Paper, Primarily

I've been thinking a lot about the impermanence of digital artifacts lately.

Every morning, with my coffee, I open my notebook1 to a fresh page and just start writing. Most of the time, there isn't anything ground shattering (or even particularly interesting) being committed to paper: notes on how I slept, how I'm feeling physically, maybe a random thought that's rattling around in my head.

I could write all this down in, say, Day One or some other journaling app2. Doing so would even give me richer metadata around the topic: my location, current weather, what my activity's been like, what music I might be listening to. I could link to things! And, possibly more important, I could search for things! This is something that digital can do, in ways that analogue cannot.

But, for better or for worse, this notebook (and its predecessors) will still be around in ten, twenty, even fifty years. An app's content might be around in ten. Twenty is pushing it. Fifty? Sure, software will still be around, and if I'm lucky, the app I've been writing in for years will still be around.

That's a big if.

And, going beyond that: if your Google, Microsoft, or Apple account (or whatever) was suddenly deleted through, say, some database glitch, then poof — your contacts' information disappears. Your calendar is wiped clean. Photos, reminders, notes? Gone.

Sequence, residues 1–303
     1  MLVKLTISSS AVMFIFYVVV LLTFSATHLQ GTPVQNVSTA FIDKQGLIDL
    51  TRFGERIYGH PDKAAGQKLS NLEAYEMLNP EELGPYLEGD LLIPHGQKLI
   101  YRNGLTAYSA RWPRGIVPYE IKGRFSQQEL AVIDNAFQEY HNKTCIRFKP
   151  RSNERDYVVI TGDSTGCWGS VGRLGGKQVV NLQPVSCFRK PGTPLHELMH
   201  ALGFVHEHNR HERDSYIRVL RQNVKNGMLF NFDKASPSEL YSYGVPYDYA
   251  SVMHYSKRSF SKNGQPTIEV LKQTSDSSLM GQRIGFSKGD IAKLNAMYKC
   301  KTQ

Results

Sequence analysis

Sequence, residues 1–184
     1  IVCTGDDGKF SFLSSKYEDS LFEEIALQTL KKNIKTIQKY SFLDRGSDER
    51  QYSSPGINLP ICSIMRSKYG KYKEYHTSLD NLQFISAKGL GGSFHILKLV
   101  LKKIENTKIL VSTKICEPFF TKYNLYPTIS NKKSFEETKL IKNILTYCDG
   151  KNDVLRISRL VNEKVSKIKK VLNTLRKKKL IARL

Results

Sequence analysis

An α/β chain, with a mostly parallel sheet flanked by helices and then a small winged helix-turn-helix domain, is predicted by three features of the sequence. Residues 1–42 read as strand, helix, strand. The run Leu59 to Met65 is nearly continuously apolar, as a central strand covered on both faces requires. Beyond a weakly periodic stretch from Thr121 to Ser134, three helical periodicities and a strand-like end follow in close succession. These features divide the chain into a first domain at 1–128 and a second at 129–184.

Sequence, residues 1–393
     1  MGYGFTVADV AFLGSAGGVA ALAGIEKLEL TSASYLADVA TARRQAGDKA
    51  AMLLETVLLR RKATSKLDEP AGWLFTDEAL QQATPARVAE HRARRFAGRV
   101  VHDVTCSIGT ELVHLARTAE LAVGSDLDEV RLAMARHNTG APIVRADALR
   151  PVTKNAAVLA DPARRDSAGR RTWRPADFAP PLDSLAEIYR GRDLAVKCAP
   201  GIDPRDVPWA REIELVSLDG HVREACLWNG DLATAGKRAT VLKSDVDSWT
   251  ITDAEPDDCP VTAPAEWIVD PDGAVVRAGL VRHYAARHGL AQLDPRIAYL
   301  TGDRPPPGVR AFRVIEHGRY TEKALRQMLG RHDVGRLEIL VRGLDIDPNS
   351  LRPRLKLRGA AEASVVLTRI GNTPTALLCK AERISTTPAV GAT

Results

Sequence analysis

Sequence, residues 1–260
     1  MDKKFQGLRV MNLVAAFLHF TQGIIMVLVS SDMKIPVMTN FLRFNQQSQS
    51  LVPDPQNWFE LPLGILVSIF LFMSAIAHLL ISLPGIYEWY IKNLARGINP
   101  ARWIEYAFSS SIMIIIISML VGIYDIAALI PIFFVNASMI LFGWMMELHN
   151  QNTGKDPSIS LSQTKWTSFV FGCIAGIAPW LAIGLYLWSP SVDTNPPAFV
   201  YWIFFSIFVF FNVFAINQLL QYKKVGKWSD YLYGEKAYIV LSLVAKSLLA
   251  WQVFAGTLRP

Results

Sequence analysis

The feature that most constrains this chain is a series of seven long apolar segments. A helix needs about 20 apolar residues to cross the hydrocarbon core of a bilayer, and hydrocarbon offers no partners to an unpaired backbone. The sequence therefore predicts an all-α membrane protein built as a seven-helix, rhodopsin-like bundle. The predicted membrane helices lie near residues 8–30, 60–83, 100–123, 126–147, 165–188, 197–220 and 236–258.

Sure, in some ways, that's a nice reset, but at least some of that stuff is really important. I don't particularly relish the thought of such an unexpected digital purge. So, tipping my hat to the turn of the millenium, I've ordered a 2022 planner3 for myself. Of course, I'll continue to add stuff to my phone/computer's calendar — as a convenience, secondary to a primarily-paper system.

Let's see how that goes.


Notes

1. For the last couple of years, my notebook of choice has been a Leuchtturm 1917, specifically an A5-sized dot-grid variant (link). I've got a couple of Kanso Noto notebooks —again, A5 dot-grid versions (link)— waiting in the wings, because hey: variety is the life of spice.

2. I could also write things here, of course, but a) most of it would probably be very boring for anyone other than myself, and b) some of it is, of course, private.

3. Specifically, since some might be curious, an English, A6-sized Hobonichi Techo Planner (link).